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  • br Extraction of the chelate soluble pectin fraction CSF br


    2.2. Extraction of the chelate-soluble pectin fraction (CSF)
    The frozen papaya pulp was ground in N2 and incubated three times in boiling chloroform:methanol (1:1; 15 min). The solid residue was further washed in boiling 80% ethanol and acetone and dried at ambient temperature to obtain the papaya's total cell wall. The Bortezomib was ex-tracted three times with deionized water (20 min). Then, the remaining insoluble material was extracted three times with 0.08 M ammonium oxalate (pH 4.5; 30 min) accordingly to Prado et al. [21]. The superna-tants from the extraction in ammonium oxalate of each ripening-time point were combined to give the chelate-soluble pectic fraction, which was dialyzed (MWCO 3.5 kDa, Millipore, Billerica, MA, USA) against cold water for 72 h and freeze-dried. The CSF obtained on the first until the fifth days after harvest (DAH) were named 1CSF, 2CSF, 3CSF, 4CSF, and 5CSF, respectively. Analysis for ash, starch, proteins and phe-nolic compounds were done in order to test the purity of CSF extracted from papayas.
    2.3. Interaction between CSF and galectin-3
    The interaction between 1-5CSF and galectin-3 was measured by the ability of pectin fractions to inhibit galectin-3-mediated agglutination, similar to what was described previously [24,25]. Firstly, recombinant galectin-3 was produced (Nangia-Makker et al. [26]). Then, the mini-mum amount of recombinant galectin-3 that induces the hemaggluti-nation of a 4% rabbit erythrocytes solution (determined as 4 μg galectin-3/mL) was determined. Next, a solution of 4% rabbit erythro-cytes was added to V-bottom 96 well-plates and mixed with distinct concentrations of 1-5CSF added or not to 4 μg/mL galectin-3. After incu-bation (90 min) at room temperature, the minimum concentration of each pectin fraction that inhibits galectin-3-mediated hemagglutination was determined. PBS or 1% BSA was used instead of galectin-3 as con-trols. Erythrocytes mixed only with CSF were used to observe distinct effects rather than galectin-3-mediated hemagglutination (results equal to controls). Lactose was used as a positive control to inhibit the galectin-3 hemagglutination (minimum concentration assay). The assay was repeated at least three times to confirm the results.
    2.4. Effects of CSF on colon cancer cells
    Colon cancer cell lines HCT116 and HT29 were purchased from American Type Culture Collection guidelines (ATCC) or Rio de Janeiro Cell Bank (BCRJ, Rio de Janeiro, Brazil). Cells were cultured in Dulbecco's modified Eagle's medium (DMEM) containing penicillin (100 μL/mL) and streptomycin (100 μg/mL) added to 10% fetal bovine serum. Cells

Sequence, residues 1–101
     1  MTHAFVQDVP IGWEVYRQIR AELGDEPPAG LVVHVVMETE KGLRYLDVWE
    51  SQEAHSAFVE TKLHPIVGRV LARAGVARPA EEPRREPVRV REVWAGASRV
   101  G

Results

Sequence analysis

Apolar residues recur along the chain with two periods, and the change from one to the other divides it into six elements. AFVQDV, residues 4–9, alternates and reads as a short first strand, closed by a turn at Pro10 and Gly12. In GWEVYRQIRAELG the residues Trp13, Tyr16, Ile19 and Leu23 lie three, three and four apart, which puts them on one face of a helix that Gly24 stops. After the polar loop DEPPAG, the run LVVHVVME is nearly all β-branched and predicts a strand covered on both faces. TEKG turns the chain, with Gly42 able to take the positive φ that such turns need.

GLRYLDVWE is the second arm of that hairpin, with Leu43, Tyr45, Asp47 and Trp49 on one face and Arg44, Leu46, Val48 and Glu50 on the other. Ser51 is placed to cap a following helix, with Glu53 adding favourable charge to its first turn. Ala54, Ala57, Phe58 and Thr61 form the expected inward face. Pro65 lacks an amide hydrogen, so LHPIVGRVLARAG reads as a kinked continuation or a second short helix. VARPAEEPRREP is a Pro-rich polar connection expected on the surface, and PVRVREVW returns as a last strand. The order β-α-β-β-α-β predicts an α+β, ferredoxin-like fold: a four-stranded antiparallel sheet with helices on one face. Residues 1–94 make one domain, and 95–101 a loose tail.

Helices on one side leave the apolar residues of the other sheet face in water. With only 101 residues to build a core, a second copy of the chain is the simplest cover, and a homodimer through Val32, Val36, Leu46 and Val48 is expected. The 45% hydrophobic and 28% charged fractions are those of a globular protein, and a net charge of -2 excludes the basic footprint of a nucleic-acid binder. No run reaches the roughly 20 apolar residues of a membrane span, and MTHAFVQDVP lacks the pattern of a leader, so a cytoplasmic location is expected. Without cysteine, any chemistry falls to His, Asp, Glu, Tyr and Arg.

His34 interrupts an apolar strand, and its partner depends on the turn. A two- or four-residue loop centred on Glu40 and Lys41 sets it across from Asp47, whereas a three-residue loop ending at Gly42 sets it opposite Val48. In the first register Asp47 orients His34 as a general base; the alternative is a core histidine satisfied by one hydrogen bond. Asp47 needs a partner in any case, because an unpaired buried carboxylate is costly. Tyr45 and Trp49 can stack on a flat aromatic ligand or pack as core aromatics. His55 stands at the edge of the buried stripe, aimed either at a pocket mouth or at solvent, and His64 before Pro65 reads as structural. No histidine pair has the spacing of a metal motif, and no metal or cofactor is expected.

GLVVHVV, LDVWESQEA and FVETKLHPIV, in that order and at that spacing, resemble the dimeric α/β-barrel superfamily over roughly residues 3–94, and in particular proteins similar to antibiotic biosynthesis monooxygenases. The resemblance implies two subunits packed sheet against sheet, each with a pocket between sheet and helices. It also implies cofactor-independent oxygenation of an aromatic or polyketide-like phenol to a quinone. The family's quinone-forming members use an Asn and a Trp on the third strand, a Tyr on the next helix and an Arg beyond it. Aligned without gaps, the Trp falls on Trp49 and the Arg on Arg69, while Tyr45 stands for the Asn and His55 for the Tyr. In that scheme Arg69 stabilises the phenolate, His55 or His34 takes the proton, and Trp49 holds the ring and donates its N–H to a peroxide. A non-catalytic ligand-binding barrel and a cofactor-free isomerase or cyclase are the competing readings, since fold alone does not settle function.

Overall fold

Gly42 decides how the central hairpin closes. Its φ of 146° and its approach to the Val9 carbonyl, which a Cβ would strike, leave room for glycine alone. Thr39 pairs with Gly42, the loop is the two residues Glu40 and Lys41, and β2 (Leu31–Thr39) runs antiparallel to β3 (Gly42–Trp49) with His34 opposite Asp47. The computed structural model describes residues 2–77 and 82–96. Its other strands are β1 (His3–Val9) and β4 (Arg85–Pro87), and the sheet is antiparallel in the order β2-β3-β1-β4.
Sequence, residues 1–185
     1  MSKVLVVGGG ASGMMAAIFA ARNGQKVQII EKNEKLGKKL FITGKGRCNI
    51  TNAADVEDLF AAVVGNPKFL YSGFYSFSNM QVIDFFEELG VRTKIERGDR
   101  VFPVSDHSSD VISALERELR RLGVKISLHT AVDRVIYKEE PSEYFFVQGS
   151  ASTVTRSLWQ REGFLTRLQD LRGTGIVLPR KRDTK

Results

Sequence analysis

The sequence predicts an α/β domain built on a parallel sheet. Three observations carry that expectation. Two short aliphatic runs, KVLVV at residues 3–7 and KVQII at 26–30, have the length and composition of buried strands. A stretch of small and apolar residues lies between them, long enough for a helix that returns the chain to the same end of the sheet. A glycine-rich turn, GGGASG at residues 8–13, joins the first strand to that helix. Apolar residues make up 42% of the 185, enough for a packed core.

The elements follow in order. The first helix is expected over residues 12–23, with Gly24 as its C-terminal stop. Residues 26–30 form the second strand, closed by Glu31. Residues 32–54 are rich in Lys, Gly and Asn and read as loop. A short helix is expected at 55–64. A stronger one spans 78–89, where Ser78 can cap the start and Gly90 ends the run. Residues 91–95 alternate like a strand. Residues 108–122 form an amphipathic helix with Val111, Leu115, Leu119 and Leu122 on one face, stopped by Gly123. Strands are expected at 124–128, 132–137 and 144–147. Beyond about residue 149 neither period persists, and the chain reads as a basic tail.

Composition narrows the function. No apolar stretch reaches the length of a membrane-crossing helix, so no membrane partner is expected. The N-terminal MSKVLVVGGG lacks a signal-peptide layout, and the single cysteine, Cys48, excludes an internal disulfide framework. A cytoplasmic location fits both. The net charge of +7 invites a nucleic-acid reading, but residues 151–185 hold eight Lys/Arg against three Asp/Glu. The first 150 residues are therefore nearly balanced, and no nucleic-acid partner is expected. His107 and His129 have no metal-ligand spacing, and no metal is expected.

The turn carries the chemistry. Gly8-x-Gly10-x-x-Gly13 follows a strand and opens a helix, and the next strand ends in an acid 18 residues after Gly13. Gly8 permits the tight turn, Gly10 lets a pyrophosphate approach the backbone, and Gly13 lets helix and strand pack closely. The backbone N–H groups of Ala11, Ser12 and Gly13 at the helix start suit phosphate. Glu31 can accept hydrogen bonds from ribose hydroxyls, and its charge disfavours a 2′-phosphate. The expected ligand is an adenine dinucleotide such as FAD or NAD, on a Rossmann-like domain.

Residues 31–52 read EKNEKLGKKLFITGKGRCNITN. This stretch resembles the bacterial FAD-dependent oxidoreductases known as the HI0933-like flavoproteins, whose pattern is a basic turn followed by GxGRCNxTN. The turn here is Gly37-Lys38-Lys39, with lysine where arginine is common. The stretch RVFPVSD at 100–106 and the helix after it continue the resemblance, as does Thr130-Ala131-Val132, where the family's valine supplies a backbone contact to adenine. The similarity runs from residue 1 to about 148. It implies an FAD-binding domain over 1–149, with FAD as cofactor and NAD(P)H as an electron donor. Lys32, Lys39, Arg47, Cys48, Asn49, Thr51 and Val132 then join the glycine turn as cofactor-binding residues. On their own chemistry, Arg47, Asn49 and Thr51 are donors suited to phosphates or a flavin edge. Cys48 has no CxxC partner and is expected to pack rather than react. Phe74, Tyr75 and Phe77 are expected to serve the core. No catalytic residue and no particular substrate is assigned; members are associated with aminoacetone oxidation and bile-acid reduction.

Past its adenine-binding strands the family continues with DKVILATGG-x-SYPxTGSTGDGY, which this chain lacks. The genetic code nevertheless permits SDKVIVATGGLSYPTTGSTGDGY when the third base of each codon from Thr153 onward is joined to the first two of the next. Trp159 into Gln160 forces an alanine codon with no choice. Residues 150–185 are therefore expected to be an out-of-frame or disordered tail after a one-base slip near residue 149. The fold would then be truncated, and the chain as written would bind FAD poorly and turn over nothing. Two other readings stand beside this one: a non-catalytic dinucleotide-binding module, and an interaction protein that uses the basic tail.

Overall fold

were maintained under standard conditions and subcultured when they reached a confluence of 70 to 90%. Cells (1 × 104 cells/well; 96-well plate) were plated overnight for the MTT assay. Then the medium was replaced, and the cells were treated or not with 2-4CSF (0.05, 0.1 or 0.2%) or lactose (33 or 100 mM) for 24, 48, and 72 h. The higher concentration was also tested for sucrose (100 mM) and for another type of pectin (citrus pectin by sigma − 1%) to attest that these concentrations did not affect cell prolif-eration by osmotic effects (Supplemental Fig. 1). After incubation, 0.5 mg/mL MTT was added (3 h, 37 °C). Next, the supernatant was re-moved, and the formazan crystals were solubilized with DMSO. Absor-bance at 490 nm was measured in a microplate reader (Bio-Rad, Hercules, CA). The cells' viability at each incubation time was expressed in relation to the untreated cells (control).
    2.5. Structural characterization of CSF
    2.5.1. Homogeneity and molecular weight
    Chelate-soluble fractions were analyzed by high-performance size-exclusion chromatography coupled with a refractive index detector (HPSEC-RID). A 1250 Infinity system (Agilent, Santa Clara, CA) was used, equipped with four PL aquagel-OH columns (60, 50, 40, and 30; 429,300 × 7.5 mm) connected in tandem. The eluent was 0.2 M NaNO3/0.02% NaN3 (0.6 mL/min), and the RID temperature was set at 30 °C. Average molecular weight was calculated using a standard curve of dextrans (MW 5–1800 kDa).
    2.5.2. Monosaccharide composition
    Monosaccharide composition was performed using a high-performance anion-exchange chromatography coupled with a pulse amperometric detector (HPAEC-PAD) [27,28]. Samples (1 mg) were hy-drolyzed with 2 M trifluoroacetic acid at 120 °C for 90 min. Then t-butyl alcohol was added, and the mixture was evaporated under N2 flow, sol-ubilized in water, and filtered. Next, samples were analyzed in a DX 500 system (Dionex, Sunnyvale, CA, USA) equipped with a CarboPac PA10 column (250 × 4 mm). For the analysis of neutral sugars, a post column adjustment with 300 mM NaOH was performed. For the uronic acid analysis, the same system was used with 150 mM NaOH (1 mL/min; 30 min) with a 0–220 mM sodium acetate gradient as the eluent. Neu-tral sugars and uronic acids were used as standards.